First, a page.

Rediscover STEAM
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Rediscover STEAM

Katherine Freese, Theoretical Astrophysicist

Katherine Freese is a highly acclaimed astrophysicist conducting pioneering research into the very fabric of our universe and attempting to unveil the mystery posed by dark matter. She has championed an incredible career in the scientific domain, with her research helping to clarify divided opinions of how dark matter is likely to behave. The conflicting theories at the time were the MACHOs (Massive Compact Halo Object) and the WIMPS (Weakly interacting Massive Particles). These approaches depicted dark matter to either be contained in massive cosmological objects that do not react with light, thus rendering us unable to see them or for dark matter to behave as heavy particles (some 10,000 times heavier than a proton), thus making them hard to detect. During her research into both competing theories, she discovered that there were not enough candidates for the MACHO theory, such as white and brown dwarfs, to contain the sheer size of dark matter present in our universe. Not only was her research groundbreaking, but she has also persevered as a woman in physics, despite the sexist attitudes that permeated the field during her career.

Freese was captivated by the sciences since her early childhood, as both her parents were biologists, which made a career in this domain seem possible for her as a young woman. Her mother served as a role model for her growing up, showing that it was possible for women to make a dent in the incredibly male dominated field. Her interest in astrophysics was sparked when she was hospitalized after an emergency appendectomy, where the only book to read was an introduction to special relativity. Being enthralled by such a simple text and having her perceptions of the universe changed so fundamentally jump started her interest in cosmology. She was among the first women to major in physics at Princeton University, where she received her B.A., and as far as she believes she was the second woman ever to do so. As she progressed through her further education, she received her M.A. in physics from Columbia University in 1981 and then earned her Ph.D. from the University of Chicago in 1984. In addition, she was awarded the William Rainey Harper Award Fellowship upon completion of her doctorate. From then on she proceeded to have placements and teaching positions at various prestigious institutions, such as MIT, where she was an assistant professor and the Harvard / Smithsonian Center for Astrophysics, where she had her first postdoctoral placement. Now, she is currently serving as the George Eugene Uhlenbeck Professor of Physics at the University of Michigan. On top of this, she has served as a visiting professor at many more acclaimed institutions, including: Caltech, CERN and the Max Planck institute in Munich, as well as serving on many committees as well. Furthermore, she is also the author of the popular book: The Cosmic Cocktail: Three Parts Dark Matter, which was published in June 2014.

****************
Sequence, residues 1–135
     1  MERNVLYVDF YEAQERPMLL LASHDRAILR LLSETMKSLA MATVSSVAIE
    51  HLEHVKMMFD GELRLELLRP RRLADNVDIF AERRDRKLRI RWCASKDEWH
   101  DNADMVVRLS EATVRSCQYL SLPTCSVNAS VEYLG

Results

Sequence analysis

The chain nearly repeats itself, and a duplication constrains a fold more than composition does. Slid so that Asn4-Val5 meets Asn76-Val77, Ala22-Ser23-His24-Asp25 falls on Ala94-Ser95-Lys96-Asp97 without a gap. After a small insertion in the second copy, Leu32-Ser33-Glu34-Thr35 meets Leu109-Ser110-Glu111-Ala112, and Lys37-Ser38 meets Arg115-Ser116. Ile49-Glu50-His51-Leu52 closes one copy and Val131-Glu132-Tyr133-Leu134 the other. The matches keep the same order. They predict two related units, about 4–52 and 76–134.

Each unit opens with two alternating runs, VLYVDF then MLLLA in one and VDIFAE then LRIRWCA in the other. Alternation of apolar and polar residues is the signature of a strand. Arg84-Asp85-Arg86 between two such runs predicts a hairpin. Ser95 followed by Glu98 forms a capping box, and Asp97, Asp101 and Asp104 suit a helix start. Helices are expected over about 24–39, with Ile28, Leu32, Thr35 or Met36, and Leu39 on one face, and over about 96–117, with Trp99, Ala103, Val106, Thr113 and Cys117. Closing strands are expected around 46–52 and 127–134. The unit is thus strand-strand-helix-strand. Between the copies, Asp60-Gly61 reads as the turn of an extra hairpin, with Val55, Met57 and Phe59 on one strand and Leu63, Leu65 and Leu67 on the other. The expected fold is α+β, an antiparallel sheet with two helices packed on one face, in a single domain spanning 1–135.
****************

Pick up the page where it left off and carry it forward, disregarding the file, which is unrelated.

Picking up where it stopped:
However, her path was not as clean-cut as her male counterparts’ were, and she faced doubt and prejudice throughout her career. A defining moment highlighting the injustices women faced in the workplace was when she was denied maternity leave while working at MIT. She was still required to handle all her responsibilities, which she did, despite the fact she had given birth and was caring for a newborn. Thankfully, society has progressed and challenges like these are seen less and less these days, however, a sexist attitude still lingers. Freese herself has expressed the doubt she felt in herself as a young woman in science, which she claimed stuck with her until she was 40. Despite this, she has proven how women can flourish in the field with the right amount of drive and commitment, firmly establishing herself as a prominent role model for other aspiring scientists.


Bio — Dr. Katherine Freese. Chopra, 2015,

“Katherine Freese.” National Academy of Sciences,

Rutkin, Aviva Hope. “Across the Universe with Astrophysicist Katherine Freese.” Aston Martin, 2017,



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